Lesson Two: Acknowledge without judgment
Tommy Shelby from the show Peaky Blinders had a line that has stuck with me:
“It’s just me thinking… about my thoughts… that I’m thinking about.”
Turns out our brains like to do what they do best: THINK, A LOT! I often find myself overthinking to the point where I feel lost, finally looking around going, “How the hell did I get here?”
I’ve heard this be referred to as “subconscious gossip,” or as I like to refer to it, my monkey brain rapidly jumping from tree to tree.
It’s natural, but it’s important to be aware of the fact that overthinking is something we all do. So, every day as part of my practice I simply listen to what my own mind and body are telling each other. No need for judgment or action, only listen and acknowledge.
How do I do this?
To start out, I scan from the top of my head down to my toes. In doing so, I find the resistance in my body and breathe deeply into it. During this process, I make space for more awareness and presence to drop in.
For me, the part of my body that brings a lot of awareness is my stomach. As I check in on the tightness it teaches me a lot about how I feel that particular day.
This little bit of mindfulness has also helped me be more empathetic during conversations with prospects. I can pick up on the little tensions and nuances in their attitudes more easily than before. I can realize my own feelings may affect the conversation. Doing that without judgment or action takes practice, but in the long run, allows for stronger relationships to blossom.
Lesson Three: Stopping the burnout before it happens
If you feel well, you’ll perform well.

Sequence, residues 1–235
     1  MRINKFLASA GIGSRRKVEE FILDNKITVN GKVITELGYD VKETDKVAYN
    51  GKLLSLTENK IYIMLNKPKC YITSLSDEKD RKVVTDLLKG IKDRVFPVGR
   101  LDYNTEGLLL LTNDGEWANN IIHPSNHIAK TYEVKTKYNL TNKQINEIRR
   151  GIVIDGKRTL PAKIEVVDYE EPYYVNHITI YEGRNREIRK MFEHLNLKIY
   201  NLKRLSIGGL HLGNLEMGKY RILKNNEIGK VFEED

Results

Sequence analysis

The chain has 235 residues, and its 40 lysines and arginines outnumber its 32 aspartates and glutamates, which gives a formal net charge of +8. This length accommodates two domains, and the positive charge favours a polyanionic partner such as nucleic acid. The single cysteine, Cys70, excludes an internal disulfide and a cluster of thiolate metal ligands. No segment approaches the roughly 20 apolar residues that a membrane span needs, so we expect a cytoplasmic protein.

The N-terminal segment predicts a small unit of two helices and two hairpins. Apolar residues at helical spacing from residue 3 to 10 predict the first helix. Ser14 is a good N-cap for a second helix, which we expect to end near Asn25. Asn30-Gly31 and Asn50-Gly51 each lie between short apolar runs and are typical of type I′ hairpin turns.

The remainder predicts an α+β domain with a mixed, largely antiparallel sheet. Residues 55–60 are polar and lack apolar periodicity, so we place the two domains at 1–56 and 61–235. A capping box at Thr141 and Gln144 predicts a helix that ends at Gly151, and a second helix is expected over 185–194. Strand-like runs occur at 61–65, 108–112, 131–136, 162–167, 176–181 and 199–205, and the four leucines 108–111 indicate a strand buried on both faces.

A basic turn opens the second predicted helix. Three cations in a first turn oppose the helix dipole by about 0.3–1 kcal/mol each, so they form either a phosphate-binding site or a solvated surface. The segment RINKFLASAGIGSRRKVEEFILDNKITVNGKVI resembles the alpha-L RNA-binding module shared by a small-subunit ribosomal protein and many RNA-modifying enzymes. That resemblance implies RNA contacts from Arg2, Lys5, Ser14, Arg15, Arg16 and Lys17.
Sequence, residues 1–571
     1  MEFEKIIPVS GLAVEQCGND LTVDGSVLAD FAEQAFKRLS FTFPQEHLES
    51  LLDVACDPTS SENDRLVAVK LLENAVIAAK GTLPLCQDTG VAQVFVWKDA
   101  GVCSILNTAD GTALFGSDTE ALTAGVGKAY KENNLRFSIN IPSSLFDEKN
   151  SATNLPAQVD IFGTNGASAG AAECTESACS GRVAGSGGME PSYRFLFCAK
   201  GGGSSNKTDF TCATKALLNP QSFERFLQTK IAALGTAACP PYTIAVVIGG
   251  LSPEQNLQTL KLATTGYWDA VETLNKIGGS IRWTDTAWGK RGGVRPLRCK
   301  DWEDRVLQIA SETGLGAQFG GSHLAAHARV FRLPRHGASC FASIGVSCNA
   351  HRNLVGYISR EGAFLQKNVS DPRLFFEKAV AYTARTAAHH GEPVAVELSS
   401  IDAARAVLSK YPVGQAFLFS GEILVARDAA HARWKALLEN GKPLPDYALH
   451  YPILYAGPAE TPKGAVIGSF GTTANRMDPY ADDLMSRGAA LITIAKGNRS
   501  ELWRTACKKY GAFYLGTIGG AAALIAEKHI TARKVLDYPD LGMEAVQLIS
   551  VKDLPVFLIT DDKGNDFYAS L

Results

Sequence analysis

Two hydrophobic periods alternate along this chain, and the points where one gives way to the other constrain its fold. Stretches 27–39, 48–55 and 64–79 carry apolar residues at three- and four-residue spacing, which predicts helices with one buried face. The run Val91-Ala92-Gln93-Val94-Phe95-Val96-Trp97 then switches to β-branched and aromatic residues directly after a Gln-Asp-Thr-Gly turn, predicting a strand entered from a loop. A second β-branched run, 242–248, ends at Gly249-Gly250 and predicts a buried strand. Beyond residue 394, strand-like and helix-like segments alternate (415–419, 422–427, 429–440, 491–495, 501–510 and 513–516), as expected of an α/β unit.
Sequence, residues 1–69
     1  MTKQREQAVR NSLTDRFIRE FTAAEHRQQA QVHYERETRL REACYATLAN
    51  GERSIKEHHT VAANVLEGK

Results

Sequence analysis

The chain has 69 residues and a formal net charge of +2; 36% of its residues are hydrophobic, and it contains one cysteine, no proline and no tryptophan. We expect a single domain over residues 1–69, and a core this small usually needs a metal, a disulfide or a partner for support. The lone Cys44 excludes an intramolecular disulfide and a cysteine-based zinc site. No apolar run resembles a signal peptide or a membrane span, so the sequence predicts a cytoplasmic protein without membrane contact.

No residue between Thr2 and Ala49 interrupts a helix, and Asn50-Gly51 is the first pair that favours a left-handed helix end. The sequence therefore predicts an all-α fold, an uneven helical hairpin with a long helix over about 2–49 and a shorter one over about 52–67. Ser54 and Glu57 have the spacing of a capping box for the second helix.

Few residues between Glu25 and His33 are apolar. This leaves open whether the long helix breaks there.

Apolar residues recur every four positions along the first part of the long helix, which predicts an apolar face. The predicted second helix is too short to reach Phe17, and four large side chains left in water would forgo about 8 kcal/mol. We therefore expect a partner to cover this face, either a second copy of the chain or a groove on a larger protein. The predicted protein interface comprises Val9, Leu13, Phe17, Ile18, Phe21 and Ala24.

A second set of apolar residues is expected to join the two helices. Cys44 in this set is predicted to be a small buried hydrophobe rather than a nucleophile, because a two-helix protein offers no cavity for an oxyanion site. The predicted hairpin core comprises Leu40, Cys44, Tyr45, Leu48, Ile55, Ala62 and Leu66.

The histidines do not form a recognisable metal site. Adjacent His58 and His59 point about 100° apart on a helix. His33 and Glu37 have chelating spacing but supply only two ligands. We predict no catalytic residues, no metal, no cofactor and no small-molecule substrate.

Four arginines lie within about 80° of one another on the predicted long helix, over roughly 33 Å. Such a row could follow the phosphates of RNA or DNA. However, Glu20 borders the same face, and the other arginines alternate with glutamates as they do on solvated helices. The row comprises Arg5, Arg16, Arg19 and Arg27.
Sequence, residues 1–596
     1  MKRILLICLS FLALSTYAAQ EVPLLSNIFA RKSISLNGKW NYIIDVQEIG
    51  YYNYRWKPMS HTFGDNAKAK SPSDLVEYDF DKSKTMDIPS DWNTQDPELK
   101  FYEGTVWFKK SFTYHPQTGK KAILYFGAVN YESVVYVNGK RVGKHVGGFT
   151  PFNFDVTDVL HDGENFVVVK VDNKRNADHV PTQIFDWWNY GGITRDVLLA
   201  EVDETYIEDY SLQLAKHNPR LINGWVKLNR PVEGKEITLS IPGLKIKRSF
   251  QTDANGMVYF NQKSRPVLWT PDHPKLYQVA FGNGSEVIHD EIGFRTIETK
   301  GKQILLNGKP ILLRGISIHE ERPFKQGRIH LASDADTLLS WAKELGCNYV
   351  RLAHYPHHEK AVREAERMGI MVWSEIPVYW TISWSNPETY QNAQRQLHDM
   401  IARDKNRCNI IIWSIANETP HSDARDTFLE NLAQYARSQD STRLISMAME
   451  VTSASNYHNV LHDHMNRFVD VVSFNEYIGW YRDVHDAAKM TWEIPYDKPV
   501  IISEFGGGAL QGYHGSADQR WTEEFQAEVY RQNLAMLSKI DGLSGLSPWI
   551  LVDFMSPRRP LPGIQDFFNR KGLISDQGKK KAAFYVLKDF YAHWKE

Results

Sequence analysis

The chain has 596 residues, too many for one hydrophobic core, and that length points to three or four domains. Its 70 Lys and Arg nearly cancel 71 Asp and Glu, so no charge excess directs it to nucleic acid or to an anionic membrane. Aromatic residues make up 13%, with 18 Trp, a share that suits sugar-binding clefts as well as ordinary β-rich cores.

In sales, our days are filled with a seemingly non-stop barrage of calls, emails, contract negotiations, and my favorite – unpredictable people. I used to grit my teeth and power through. Sure, I’d get things done. But by night time, I’d collapse into bed mentally and physically exhausted from the day.
Now whenever I feel my stress nearing a breaking point, I catch myself before it’s too late. It’s during these times I take a step back, focus on my breath and level my nerves before moving forward. It’s done a great deal for my stress levels and productivity within the workplace.
Needless to say, I’ve sold myself. My year-long practice run has turned into a lifelong journey.
My advice to you? Start with 5 minutes a day and see where it takes you. Who knows, maybe you’ll find yourself making a commitment for the next 365 days.
Here’s where you can start:
- There are some great apps with guided meditations. I personally used Headspace, but there’s many that offer a variety of meditations that may be perfect for you.
- One simple technique is to breathe in for four seconds, out for five. (Or try in for three seconds, out for four). Just see what happens if you do this for five minutes. If you have an Apple watch, you may have seen the “Breathe” function, which can with this.
- If a structured or guided meditation isn’t for you, trying sitting with no book, technology, or people (even pets) for two minutes. Feel your breath, watch your thoughts, and welcome presence into your life.
I’m excited to see where this journey takes you!